11.There are also several "straw man" arguments - ones that sound good, but don't hold up to inspection. These arguments are roughly akin to someone protesting against all corporations because of the actions of Enron.

12: When I described production co-ops in a global economy class, a fellow classmate said "That sounds like socialism to me!" While co-ops (and the values behind them) have often been tried in socialist settings, they are not inherently so. There's also the implication that co-ops cannot compete in a capitalistic society. This doesn't seem to be the case, whether in Italy or Spain, in corporations that embody some of the key aspects of co-ops like Semco, or with co-ops in America.

13: There are some accusations of fraud (especially with the government efforts of co-ops in Venezuela); these would be a moot point in the model we've described due to local oversight and American regulations. While diseconomies of scale and worries about transmitting information to members may have been historical worries, both can be dealt with now through technological improvements and in the ways that the co-op is structured.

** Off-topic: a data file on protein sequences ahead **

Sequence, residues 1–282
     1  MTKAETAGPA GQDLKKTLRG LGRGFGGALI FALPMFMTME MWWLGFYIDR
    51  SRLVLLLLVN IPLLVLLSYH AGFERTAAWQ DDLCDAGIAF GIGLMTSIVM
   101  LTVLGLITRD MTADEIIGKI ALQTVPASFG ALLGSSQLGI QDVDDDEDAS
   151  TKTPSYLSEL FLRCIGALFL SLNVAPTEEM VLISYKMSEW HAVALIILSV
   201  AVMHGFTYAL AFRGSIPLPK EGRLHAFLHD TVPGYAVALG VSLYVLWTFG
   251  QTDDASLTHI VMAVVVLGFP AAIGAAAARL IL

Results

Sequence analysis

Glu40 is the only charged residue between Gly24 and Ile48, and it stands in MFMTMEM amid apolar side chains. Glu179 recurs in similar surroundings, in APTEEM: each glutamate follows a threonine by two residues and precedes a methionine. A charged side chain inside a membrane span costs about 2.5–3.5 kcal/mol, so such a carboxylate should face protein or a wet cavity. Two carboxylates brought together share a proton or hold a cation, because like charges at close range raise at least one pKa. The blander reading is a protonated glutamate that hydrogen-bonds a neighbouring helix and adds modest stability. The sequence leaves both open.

14: There's one straw man, though, that requires a bit more explanation to dispel. At the end of the 19th century, many co-ops were created due to ideological reasons. Most of these co-ops failed. That failure was largely attributed to a Hobbesian analysis - that everyone was simply out for themselves, and that human nature, red in tooth and claw, didn't mesh with the utopian nature of these ideological co-ops. Yet this doesn't explain the long-run success of both co-ops and corporations that embody some of the aspects of co-ops. yet there's another time that humans tend to not act selfishly - during a disaster. During those times, instead of panic and greed, we see an outpouring of "kindness and good sense. There's a common explanation for both this and the success of cooperatives (and corporations that have co-op like aspects): In disasters and when the workers are the stakeholders, the individual's self-interest is identical to the community interest. This brings people together.

15: One of my drill sgts in BASIC put it this way: (slide) It's this kind of thing that really embodies the idea of an "ownership" society.

16: To sum up: We've addressed how co-ops address a market failure, how governments would be involved in that, and some of the social benefits that could also arise from it. We briefly discussed funding of co-ops as a mechanism for economic development, addressed the real obstacles that they face, and some of the rhetorical arguments and why they aren't real obstacles after all. I believe that adding co-ops to our economic development "toolbox" can create greater levels of economic and social benefits for existing residents for a similar level of government involvement and expenditure.